On 31 December 2022, the Korean government released their global minimum tax rules to align with the OECD BEPS 2.0 Pillar Two after it was passed by Korea’s National Assembly on 23 December 2022. The regulation will be included in the Adjustment of International Taxes Act (AITA) and will be effective for fiscal years beginning on or after 1 January 2024. The Enforcement Decrees, which provide more specific guidance on the laws, are expected to be enacted within 2023. With the new legislation, Korea is going to introduce the IIR as from January 1, 2024. It also expected to introduce the UTPR, although we are awaiting further clarification. The introduction of the UTPR as per 1 January 2024 would be particularly surprising as, so far, the EU and other countries that have announced legislation have indicated they will introduce the UTPR one year later, i.e. as at 1 January 2025. If only Korea introduces the UTPR as per 1 January 2024, it would attract UTPR top-up tax globally of all multinationals with a presence in Korea. We will monitor reactions of other countries.

KPMG and other professional services firms are discussing amongst themselves whether the December passage of legislation should be considered (substantive) enactment. In the event it can be concluded that the Pillar 2 legislation of Korea is not (substantively) enacted as per 31 December 2022, then the impact on the 2022 financial statements may be limited to qualitative disclosures.

If Korea indeed enacted Pillar 2 on 31 December 2022 – IFRS impact

In the event it is concluded that the Korean tax law change is (substantively) enacted as per 31 December 2022, then this will have an impact on the 2022 IFRS financial statements especially when the MNE:

  1. Falls in the scope of Pillar 2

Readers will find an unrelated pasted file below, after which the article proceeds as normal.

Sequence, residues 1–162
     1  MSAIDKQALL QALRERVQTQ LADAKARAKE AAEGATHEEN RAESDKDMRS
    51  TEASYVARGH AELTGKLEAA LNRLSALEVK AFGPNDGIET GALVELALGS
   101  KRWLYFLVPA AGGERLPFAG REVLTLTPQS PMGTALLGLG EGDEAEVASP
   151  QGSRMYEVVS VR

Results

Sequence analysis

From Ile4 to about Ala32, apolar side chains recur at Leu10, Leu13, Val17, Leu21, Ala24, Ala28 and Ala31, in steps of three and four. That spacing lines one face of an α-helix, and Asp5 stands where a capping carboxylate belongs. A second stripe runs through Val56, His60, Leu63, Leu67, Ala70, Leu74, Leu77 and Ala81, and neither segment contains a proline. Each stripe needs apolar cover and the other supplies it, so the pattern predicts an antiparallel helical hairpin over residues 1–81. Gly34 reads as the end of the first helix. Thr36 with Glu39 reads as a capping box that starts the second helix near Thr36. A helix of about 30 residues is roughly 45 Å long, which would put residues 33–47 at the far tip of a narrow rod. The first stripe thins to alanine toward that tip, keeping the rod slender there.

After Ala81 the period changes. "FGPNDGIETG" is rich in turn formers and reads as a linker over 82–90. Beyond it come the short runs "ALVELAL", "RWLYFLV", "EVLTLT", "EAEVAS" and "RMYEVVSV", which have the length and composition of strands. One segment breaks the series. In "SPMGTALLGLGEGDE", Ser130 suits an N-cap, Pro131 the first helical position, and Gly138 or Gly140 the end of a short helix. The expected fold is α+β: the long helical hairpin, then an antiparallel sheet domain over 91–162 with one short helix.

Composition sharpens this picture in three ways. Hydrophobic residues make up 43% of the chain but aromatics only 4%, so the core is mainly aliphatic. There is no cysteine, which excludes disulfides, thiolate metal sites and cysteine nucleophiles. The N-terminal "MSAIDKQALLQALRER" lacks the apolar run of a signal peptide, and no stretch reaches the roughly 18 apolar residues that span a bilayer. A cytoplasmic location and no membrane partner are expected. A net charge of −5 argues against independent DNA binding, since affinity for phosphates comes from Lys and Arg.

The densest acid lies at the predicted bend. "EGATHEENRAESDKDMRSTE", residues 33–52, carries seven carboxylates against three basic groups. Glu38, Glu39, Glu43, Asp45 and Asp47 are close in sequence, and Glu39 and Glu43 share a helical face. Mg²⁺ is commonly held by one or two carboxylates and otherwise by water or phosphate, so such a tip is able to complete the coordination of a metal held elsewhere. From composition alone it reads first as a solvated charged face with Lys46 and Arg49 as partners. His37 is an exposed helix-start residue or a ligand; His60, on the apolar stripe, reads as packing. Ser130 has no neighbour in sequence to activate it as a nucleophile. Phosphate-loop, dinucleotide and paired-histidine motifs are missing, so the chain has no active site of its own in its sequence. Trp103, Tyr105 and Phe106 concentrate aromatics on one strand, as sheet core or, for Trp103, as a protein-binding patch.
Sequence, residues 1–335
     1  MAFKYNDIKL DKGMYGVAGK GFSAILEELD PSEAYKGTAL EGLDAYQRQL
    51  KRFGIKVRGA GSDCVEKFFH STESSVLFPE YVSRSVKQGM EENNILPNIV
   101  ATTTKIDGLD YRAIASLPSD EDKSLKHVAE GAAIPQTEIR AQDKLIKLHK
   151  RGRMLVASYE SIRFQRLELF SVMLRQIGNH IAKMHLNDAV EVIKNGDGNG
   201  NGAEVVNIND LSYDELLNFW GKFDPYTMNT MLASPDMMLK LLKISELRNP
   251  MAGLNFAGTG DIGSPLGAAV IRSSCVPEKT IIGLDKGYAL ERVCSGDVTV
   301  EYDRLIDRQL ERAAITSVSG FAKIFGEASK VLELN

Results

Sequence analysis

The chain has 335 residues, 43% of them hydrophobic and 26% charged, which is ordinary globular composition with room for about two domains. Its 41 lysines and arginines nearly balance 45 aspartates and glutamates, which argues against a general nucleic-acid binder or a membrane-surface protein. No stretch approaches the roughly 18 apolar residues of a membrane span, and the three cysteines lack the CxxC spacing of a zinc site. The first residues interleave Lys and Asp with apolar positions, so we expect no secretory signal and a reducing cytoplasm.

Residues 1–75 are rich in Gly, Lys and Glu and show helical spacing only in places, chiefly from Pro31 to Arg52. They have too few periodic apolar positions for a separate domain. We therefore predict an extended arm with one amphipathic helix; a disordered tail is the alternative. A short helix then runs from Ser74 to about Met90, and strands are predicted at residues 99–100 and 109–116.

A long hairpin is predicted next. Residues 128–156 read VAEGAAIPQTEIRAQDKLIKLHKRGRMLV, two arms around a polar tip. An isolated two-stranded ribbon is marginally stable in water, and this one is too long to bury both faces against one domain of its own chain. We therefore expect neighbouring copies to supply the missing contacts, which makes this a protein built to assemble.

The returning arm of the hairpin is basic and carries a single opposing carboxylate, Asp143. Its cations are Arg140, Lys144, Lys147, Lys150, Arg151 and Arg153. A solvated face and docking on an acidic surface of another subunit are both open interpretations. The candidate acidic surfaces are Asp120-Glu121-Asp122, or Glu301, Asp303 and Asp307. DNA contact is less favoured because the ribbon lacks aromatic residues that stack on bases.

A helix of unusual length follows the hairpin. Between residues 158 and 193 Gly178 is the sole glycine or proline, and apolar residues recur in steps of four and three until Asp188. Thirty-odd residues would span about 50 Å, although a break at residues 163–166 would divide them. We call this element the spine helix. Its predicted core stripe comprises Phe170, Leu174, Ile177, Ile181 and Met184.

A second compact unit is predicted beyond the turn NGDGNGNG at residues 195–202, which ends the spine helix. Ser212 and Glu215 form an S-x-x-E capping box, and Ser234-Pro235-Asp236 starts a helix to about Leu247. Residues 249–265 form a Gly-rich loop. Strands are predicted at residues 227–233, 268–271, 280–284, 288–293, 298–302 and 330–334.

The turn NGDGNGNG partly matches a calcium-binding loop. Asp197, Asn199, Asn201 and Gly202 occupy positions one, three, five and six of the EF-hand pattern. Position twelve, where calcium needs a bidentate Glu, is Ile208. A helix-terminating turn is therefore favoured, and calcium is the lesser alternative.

2. Has low tax jurisdictions (<15% GloBE ETR) and
  3. Has a constituent entity in Korea.

As there are no other countries yet that have enacted their Pillar 2 legislation, Korea would in principle be eligible to collect top up taxes from 1 January 2024. Assuming the legislation was enacted by Korea on 31 December 2022, additional tax disclosures should be considered in the December 2022 annual accounts.

The proposed amendments to IAS 12 provide some guidance on this situation. However, the proposal would apply for annual reporting periods beginning on or after 1 January 2023. For that reason, companies will have to evaluate which qualitative and quantitative disclosures would be required for the annual reporting periods ending 31 December 2022. Below we will further outline what the proposed amendments entail.

We will closely monitor the status of the Korean tax law change and keep you informed of any updates.

Proposed amendments to IAS 12 published

As jurisdictions prepare to amend their local tax laws to introduce the global minimum top-up tax (‘GloBE model rules’), stakeholders are questioning how they will account for those changes under IFRS® Accounting Standards. In particular, they are questioning whether top-up tax falls within the scope of IAS 12 Income Taxes and, if so, how to account for its deferred tax impacts.

In response to these concerns, the International Accounting Standards Board (IASB) announced in December that it would release an Exposure Draft for consultation, which has now been published outlining the proposed amendments to IAS 12 Income Taxes. In short, the IASB proposes to amend IAS 12 to:

  • provide a temporary mandatory exception from deferred tax accounting for top-up tax; and
  • require companies to provide new disclosures to compensate for the potential loss of information resulting from the temporary exception.

In our web article and our new talkbook we provide more detail on the proposals, including a timeline on next steps of the proposals.

In terms of proposed actions to take now, we recommend the following:

  • Continue to engage with tax specialists, assess the potential impact and monitor the progress of implementation of GloBE model rules into relevant jurisdictions’ tax laws.
  • Engage with investors to determine the appropriate level of disclosures you are required to provide now before the proposed relief applies, and the disclosures required once the proposed relief applies.
  • Ensure that you collect sufficiently detailed information to provide the proposed disclosures about your operations in low-tax jurisdictions.

We would be pleased to further discuss the potential impact of the GloBE model rules, and the impact of the IASB proposals on your business.

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